Q: Did you try to get as far away from fan fiction as you could or do Eric and Sookie still unexpectedly rear their heads where they’re not supposed to?
A: Sometimes their character traits show up in there somewhere…
Q: How did you fare with the reviews? Fan fiction readers tend to be overwhelmingly nice with the rare exceptions of a few assholes who taunt anonymously. I’ve always thought if people were paying for fan fiction they probably wouldn’t be as kind. So how were the reactions? And did your base from fan fiction come out en masse to buy the books?
A: On my blog, I have my book reviews listed as: The good, the bad, and the spoilers. I got all sorts. Some were ff fans who bought and loved it, knowing what to expect from me, others were friends who shamelessly plugged me; others were people I know who were flat out rude about my writing style. Some were complete strangers who had no problem outlining exactly what they hated about my book. It’s a mixed bag and it’s helped toughen me a little.
Q: I’ve read that E.L. James “changed” her ff to fit Christian Grey’s world and not infringe on Stephanie Meyer’s Twilight. Do you think it’s possible to “update” current fanfiction works for the intention of submitting to a publisher?
A: I think that can be tricky. The fan fiction world is a comfortable place to write, and because of this, these stories lack backstory and character development. Why bother wasting your reader’s time repeating the details they already know? Original fiction is different. You must know your characters and introduce them to your readers in a way that will make them love or hate them. You also need to set the scene to draw your readers into your world, which means creating your own canon, and sticking to it from beginning to end.
My original fiction and fan fiction ideas grow from the same place in my brain. Sometimes, I get an idea for Sookie and Eric. Other times, I think of a new character and everything else falls into place.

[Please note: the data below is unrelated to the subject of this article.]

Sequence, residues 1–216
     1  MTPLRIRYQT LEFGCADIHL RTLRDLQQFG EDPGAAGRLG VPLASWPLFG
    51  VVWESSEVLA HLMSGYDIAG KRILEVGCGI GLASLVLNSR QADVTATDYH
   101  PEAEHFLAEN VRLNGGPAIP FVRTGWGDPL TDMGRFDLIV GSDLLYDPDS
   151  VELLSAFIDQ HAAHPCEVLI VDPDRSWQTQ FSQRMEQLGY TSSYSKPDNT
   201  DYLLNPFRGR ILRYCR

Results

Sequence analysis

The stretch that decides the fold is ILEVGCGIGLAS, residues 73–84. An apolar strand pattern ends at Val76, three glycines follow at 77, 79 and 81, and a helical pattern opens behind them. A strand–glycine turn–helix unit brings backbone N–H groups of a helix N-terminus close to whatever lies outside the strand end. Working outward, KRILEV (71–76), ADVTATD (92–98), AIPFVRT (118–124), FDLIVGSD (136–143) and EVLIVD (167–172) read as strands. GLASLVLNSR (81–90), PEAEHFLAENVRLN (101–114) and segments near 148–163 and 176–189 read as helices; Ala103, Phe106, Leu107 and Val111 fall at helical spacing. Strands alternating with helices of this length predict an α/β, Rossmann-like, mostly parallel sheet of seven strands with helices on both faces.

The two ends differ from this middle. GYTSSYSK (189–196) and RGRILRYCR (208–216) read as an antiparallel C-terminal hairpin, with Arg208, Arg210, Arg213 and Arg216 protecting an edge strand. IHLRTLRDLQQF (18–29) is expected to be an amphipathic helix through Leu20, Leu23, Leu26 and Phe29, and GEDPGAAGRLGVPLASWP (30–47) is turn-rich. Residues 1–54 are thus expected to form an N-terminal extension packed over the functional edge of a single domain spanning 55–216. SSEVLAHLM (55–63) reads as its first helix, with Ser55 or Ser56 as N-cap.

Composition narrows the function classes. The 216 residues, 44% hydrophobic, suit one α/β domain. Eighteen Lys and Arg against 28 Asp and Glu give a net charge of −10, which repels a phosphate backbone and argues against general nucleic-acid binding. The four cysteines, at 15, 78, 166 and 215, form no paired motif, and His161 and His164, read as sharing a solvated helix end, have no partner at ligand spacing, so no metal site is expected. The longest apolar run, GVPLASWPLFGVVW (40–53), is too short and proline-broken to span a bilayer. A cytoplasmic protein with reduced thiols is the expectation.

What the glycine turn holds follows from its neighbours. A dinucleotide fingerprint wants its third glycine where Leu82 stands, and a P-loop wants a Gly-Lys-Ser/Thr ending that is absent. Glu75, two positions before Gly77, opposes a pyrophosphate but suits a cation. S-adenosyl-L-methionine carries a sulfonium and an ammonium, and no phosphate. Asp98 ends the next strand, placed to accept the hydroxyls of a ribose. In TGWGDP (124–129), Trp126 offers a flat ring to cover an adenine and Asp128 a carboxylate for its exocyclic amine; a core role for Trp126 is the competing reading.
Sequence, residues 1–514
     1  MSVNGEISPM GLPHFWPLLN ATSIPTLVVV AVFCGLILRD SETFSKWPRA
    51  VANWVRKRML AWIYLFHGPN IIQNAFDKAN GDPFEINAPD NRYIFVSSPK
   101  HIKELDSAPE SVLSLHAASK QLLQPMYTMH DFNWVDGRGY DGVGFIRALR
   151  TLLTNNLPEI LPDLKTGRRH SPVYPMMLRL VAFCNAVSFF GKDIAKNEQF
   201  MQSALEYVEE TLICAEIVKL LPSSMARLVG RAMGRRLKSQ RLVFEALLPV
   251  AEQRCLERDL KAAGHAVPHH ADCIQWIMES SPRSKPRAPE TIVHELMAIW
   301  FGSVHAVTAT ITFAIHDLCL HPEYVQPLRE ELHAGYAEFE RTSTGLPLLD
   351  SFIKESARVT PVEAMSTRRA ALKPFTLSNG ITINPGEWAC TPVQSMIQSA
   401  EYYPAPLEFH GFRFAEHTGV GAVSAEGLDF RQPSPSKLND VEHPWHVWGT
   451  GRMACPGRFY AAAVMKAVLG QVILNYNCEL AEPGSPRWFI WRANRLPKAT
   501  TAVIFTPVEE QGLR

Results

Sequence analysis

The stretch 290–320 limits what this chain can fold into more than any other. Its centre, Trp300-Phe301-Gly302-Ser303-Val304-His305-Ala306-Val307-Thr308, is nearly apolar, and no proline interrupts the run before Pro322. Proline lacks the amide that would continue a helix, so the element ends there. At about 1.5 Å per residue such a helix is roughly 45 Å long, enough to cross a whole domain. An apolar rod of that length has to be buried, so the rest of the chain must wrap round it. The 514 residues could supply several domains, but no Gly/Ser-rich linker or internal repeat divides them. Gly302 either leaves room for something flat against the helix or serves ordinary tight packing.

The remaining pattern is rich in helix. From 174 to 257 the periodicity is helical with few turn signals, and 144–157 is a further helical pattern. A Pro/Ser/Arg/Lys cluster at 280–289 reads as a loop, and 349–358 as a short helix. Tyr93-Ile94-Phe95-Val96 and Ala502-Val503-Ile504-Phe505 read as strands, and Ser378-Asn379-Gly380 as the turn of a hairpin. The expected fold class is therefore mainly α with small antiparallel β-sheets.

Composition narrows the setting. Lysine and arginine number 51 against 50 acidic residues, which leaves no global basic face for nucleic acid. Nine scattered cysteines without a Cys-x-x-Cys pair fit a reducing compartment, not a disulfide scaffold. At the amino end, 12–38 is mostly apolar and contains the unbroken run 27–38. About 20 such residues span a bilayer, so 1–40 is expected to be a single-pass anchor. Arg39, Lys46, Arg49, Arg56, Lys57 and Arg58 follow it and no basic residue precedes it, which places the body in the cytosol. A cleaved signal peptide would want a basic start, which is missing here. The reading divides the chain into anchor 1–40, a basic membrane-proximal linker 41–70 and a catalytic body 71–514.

In my opinion, ‘updating’ a story is a lot harder than starting something new. 🙂
Q: How does social media come into play with marketing your books, I know certain Goodreads readers or blogs dedicated to book reviews can make or break someone. Also, how much of your own PR are you doing?
A: This is the worst part for me. I hate promoting myself. I rarely get on my author social media accounts, and I struggle to stay connected to my readers. I love replying to my reviews and comments on my blog, but that’s my personal space. I’m kind of a hermit, I guess. I have a friend who runs one of those Goodreads book review groups and she helped me get a lot of readers, but I don’t really make an effort to reach out to people and tell them about the books I’ve written. I’m not sure if it’s sheer laziness or anxiety. That’s why I just queried nine new agents for my third book. So they do the work for me! LOL
Q: How do you connect to your book readers (if at all), and how is that different to fan fiction readers? More rewarding? Less?
A: I usually have the most feedback right after a release, which gives me an opportunity to reply to comments or reviews on Goodreads (only the good ones. Remember, it’s not worth it to pick a fight with a reader!). Once that dies down, it’s harder to keep conversations flowing without a tremendous amount of effort. I feel much more at home with my Fan Fiction readers. These are my people. They know me and I know them. They are also more kind and willing to overlook a missing comma or type-o. Reading reviews in the real world is intimidating and makes my heart race every time.